Researchers at Portland State University have developed methods for measuring levels of free-base nicotine in electronic cigarette (e-cigarette) liquids and vapor, the levels of which are associated with harshness upon inhalation of e-cigarette vapors and tobacco smoke.
Researchers at The University of Texas at Arlington have found a correlation between a strong immune response in diseased corals and a lower expression of genes associated with growth and reproduction.
Origami -- the Japanese art of folding paper into shapes and figures -- dates back to the sixth century. At UMass Lowell, it is inspiring researchers as they develop a 21st century solution to the shortage of tissue and organ donors.
Why it's important to study the deep similarities, and the critical differences, between humans and the apes to seek an anthropological and evolutionary explanation.
A team of researchers in Japan developed a synthetic molecular code to script gene activation. The process, described in the Journal of the American Chemical Society, could help lead to future gene-based therapies for a wide array of diseases.
A study published by Brazilian researchers describes one of Xanthomonas citri's secretion systems and a signaling pathway that enhances its resistance against amoebae. Investigations might contribute for future forms of intervening and putting a stop on the development of X. citri, known for its persistency.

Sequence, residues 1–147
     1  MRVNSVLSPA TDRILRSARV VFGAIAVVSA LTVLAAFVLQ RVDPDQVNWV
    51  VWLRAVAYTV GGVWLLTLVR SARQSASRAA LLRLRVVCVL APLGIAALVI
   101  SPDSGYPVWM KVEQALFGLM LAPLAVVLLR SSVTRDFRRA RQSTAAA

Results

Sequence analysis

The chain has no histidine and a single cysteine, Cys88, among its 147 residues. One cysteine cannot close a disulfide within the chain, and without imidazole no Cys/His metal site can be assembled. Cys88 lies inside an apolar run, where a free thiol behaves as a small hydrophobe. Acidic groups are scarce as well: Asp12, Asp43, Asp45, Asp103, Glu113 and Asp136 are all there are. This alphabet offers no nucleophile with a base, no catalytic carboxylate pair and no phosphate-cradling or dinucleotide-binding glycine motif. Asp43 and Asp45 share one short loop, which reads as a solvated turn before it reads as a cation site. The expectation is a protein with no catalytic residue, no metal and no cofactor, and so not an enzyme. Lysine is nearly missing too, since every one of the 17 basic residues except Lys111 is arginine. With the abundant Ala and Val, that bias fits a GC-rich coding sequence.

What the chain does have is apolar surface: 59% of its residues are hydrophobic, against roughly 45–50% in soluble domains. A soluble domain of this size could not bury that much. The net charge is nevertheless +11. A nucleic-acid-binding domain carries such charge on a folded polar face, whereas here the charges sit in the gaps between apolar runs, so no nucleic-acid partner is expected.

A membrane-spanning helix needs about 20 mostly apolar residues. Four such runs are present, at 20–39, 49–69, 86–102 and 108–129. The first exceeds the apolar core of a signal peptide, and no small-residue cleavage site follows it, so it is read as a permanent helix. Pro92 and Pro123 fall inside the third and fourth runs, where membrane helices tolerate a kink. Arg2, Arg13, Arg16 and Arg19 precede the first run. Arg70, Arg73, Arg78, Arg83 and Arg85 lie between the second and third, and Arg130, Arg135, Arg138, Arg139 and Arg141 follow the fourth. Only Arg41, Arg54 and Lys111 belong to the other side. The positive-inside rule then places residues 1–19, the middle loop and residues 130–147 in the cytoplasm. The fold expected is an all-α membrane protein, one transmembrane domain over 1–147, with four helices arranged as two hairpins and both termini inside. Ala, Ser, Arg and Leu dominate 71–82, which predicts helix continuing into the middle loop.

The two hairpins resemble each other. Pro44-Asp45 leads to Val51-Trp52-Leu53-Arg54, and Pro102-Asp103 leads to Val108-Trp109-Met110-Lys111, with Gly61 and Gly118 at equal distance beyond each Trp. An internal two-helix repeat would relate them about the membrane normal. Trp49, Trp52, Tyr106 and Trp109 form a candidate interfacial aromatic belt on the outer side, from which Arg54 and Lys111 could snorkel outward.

Chemist Vincent Rotello at UMass Amherst, with others at University College London, have developed a 'quick and robust' blood test that can detect liver damage before symptoms appear, offering what they hope is a significant advance in early detection of liver disease. Details appear in Advanced Materials. Their new method can detect liver fibrosis, the first stage of liver scarring that can lead to fatal disease if left unchecked, from a blood sample in 30-45 minutes.
Ecologists have no doubt that climate change will affect the earth's animals and plants. But how exactly? This is often hard to predict. There are already indications that some species are shifting their distribution range. But it is much less clear how individual animals and populations are responding to the changes. Scientists at the UFZ have been studying nocturnal desert geckos to see how they are adapting to climatic changes.
Researchers at Western University were interested in the origin of a gene that encodes for protein, HERC5, shown to potently inhibit HIV. In a new study published in the Journal of Virology, Stephen Barr, Ph.D., assistant professor at Western's Schulich School of Medicine & Dentistry, shows that the gene first emerged in fish over 400 million years ago and has been involved in an evolutionary arms race with viruses ever since.
Boldness correlates with the mating success, but not body size or sex, of yellow-spotted monitor lizards roaming the remote Oombulgurri floodplains of tropical Western Australia, ecologists report in the Ecological Society of America's journal Ecosphere. Bold individuals expose themselves to much higher risk of being eaten by predators during the dangerous wet season. The researchers demonstrated quantifiable behavioral syndromes in the large lizards, with an intriguing relationship to the lizards' seasonal hunting strategies.